With this named color vector and the scale_*_manual functions we can now manually override the fill and color schemes in a flexible way. This results in the same plot we had without using the scale_*_manual function:

ggplot(data = df1) +
geom_col(aes(x = company, y = employees, fill = company)) +
scale_fill_manual(values = palette1_named)

However, now it does not matter if the dataframe is subsetted, as we specifically tell R which colors to use for which group labels by means of the named color palette:

# the colors remain the same if some groups are not found
ggplot(data = df1[index_subset1, ]) +
geom_col(aes(x = company, y = employees, fill = company)) +
scale_fill_manual(values = palette1_named)
# and also if other groups are not found
ggplot(data = df1[index_subset2, ]) +
geom_col(aes(x = company, y = employees, fill = company)) +
scale_fill_manual(values = palette1_named)

Once you are aware of these superpowers, you can do so much more with them!

How about highlighting a specific group?

Just set all the other colors to ‘grey’…

# lets create an all grey color palette vector
palette2 = rep('grey', times = n_companies)
palette2_named = setNames(object = palette2, nm = df1$company) print(palette2_named) Company_1 Company_2 Company_3 Company_4 Company_5 "grey" "grey" "grey" "grey" "grey" # this looks terrible in a plot ggplot(data = df1) + geom_col(aes(x = company, y = employees, fill = company)) + scale_fill_manual(values = palette2_named) … and assign one of the company’s colors to be a different color # override one of the 'grey' elements using an index by name palette2_named['Company_2'] = 'red' print(palette2_named) Company_1 Company_2 Company_3 Company_4 Company_5 "grey" "red" "grey" "grey" "grey" # and our plot is professionally highlighting a certain group ggplot(data = df1) + geom_col(aes(x = company, y = employees, fill = company)) + scale_fill_manual(values = palette2_named) We can apply these principles to other types of data and plots. For instance, let’s generate some time series data… timepoints = 10 df2 = data.frame( company = rep(df1$company, each = timepoints),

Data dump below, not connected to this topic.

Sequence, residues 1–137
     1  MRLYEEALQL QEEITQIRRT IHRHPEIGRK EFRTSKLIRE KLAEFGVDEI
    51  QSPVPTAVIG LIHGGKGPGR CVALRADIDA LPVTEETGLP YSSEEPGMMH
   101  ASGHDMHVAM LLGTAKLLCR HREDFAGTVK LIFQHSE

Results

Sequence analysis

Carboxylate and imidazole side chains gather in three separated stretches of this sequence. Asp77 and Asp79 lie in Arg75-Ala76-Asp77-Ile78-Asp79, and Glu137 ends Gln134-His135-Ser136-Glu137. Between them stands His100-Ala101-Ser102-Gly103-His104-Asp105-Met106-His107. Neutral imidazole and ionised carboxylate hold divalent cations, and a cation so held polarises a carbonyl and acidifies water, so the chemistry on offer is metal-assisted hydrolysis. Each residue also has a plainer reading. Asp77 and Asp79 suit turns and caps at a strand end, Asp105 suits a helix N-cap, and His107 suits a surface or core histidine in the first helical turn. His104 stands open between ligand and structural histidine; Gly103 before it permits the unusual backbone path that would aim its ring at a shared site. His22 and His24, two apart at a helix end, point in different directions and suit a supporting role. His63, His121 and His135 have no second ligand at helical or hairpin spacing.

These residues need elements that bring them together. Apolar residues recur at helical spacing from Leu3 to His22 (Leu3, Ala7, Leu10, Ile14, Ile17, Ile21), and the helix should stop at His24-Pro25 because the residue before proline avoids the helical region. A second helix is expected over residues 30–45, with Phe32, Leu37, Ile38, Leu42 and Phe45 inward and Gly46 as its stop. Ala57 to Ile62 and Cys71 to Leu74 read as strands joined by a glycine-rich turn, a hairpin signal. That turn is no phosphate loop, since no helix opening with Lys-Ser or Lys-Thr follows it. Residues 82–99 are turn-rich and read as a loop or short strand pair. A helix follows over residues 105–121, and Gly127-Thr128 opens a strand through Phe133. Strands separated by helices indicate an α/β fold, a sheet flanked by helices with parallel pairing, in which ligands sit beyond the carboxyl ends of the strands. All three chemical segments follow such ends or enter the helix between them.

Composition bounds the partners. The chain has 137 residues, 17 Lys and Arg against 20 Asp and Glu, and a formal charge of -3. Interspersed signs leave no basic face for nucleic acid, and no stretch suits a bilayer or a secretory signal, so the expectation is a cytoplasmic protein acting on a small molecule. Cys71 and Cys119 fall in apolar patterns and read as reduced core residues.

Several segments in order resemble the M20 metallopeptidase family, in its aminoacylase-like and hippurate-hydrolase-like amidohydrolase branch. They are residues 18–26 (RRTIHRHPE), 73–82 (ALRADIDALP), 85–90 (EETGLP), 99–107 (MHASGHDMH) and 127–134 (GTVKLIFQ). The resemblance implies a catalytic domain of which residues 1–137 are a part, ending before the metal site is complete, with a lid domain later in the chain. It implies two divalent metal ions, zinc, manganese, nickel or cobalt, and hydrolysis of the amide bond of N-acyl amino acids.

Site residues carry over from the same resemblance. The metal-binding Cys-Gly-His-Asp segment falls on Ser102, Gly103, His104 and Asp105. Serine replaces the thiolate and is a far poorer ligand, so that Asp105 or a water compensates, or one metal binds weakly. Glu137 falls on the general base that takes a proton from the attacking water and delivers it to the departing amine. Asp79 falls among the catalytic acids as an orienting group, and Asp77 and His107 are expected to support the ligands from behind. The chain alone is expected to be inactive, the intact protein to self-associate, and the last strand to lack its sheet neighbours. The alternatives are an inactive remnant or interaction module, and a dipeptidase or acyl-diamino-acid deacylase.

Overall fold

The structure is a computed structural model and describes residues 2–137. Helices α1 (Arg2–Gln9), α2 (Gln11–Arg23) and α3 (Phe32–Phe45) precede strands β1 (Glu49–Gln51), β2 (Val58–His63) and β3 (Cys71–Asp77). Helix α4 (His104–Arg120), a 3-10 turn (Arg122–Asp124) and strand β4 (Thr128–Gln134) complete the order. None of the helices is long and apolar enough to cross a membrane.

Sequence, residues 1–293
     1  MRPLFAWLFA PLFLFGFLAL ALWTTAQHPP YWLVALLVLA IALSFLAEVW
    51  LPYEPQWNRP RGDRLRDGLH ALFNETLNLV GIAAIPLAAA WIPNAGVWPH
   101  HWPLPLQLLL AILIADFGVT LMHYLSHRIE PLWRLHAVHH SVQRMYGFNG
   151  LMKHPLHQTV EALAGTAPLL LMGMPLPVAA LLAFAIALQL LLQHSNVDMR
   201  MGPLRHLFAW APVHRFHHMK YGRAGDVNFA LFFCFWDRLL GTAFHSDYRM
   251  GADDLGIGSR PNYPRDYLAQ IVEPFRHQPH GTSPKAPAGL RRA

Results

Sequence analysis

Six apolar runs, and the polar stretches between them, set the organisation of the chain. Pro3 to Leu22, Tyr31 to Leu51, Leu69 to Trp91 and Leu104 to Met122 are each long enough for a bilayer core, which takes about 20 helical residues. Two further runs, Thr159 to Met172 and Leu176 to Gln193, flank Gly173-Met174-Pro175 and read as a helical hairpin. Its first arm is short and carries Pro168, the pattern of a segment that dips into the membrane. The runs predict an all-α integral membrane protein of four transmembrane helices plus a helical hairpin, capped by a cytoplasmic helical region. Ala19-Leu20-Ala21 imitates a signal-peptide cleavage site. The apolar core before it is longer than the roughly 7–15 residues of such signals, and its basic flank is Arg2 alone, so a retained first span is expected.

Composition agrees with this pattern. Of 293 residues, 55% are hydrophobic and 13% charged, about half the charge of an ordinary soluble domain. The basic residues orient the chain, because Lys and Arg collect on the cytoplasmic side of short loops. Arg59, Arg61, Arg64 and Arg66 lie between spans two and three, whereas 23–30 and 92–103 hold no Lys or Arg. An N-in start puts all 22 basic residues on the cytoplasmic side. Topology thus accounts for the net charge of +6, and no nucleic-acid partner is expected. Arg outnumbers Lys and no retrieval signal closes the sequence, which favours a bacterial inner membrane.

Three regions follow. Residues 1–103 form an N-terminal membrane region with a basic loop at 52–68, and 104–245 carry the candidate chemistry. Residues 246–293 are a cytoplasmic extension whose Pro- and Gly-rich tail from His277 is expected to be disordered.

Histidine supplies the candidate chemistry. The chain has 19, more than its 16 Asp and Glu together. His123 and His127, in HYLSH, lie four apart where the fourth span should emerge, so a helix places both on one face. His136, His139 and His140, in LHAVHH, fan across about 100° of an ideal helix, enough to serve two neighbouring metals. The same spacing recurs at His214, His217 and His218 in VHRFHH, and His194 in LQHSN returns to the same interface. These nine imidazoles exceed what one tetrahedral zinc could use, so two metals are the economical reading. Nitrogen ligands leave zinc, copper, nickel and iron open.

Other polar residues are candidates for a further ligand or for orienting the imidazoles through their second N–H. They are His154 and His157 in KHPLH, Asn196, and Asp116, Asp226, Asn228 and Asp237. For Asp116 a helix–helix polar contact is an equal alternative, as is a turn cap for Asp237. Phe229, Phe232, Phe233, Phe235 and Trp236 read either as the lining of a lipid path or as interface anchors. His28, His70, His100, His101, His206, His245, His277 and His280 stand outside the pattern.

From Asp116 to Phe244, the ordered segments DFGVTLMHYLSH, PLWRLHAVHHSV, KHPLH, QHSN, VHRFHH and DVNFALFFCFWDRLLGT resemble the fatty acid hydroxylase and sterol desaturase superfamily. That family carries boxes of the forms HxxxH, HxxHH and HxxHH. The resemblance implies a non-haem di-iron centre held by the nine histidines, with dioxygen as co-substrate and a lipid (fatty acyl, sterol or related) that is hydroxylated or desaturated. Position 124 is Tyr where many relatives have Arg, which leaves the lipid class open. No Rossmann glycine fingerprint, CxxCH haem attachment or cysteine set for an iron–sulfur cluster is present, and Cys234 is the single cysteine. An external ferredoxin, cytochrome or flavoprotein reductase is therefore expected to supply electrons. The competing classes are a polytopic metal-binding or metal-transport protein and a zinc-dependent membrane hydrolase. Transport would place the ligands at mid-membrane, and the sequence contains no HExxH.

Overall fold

employees = rep(df1$employees, each = timepoints) + round(rnorm(n = nrow(df1) * timepoints, mean = 0, sd = 10)), time = rep(seq_len(timepoints), times = n_companies), stringsAsFactors = FALSE ) … and visualize these using a line plot, adding the color palette in the same way as before: ggplot(data = df2) + geom_line(aes(x = time, y = employees, col = company), size = 2) + scale_color_manual(values = palette1_named) If we miss one of the companies — let’s skip Company 2 — the palette makes sure the others remained colored as specified: ggplot(data = df2[df2$company %in% df1$company[index_subset1], ]) + geom_line(aes(x = time, y = employees, col = company), size = 2) + scale_color_manual(values = palette1_named) Also the highlighted color palete we used before will still work like a charm! ggplot(data = df2) + geom_line(aes(x = time, y = employees, col = company), size = 2) + scale_color_manual(values = palette2_named) Now, let’s scale up the problem! Pretend we have not 5, but 20 companies. The code will work all the same! set.seed(1) # ensure reproducibility # generate new data for more companies n_companies = 20 df1 = data.frame( company = paste('Company', seq_len(n_companies), sep = '_'), employees = sample(50:500, n_companies), stringsAsFactors = FALSE ) # lets create an all grey color palette vector palette2 = rep('grey', times = n_companies) palette2_named = setNames(object = palette2, nm = df1$company)

# highlight one company in a different color
palette2_named['Company_2'] = 'red'
print(palette2_named)

# make a bar plot
ggplot(data = df1) +
geom_col(aes(x = company, y = employees, fill = company)) +
scale_fill_manual(values = palette2_named) +
theme(axis.text.x = element_text(angle = 45, hjust = 1, vjust = 1)) # rotate and align the x labels

Also for the time series line plot:

timepoints = 10
df2 = data.frame(
company = rep(df1$company, each = timepoints), employees = rep(df1$employees, each = timepoints) + round(rnorm(n = nrow(df1) * timepoints, mean = 0, sd = 10)),
time = rep(seq_len(timepoints), times = n_companies),
stringsAsFactors = FALSE
)

ggplot(data = df2) +
geom_line(aes(x = time, y = employees, col = company), size = 2) +
scale_color_manual(values = palette2_named)

The possibilities are endless; the power is now yours!

Just think at the efficiency gain if you would make a custom color palette, with for instance your company’s brand colors!

For more R tricks to up your programming productivity and effectiveness, visit the R tips and tricks page!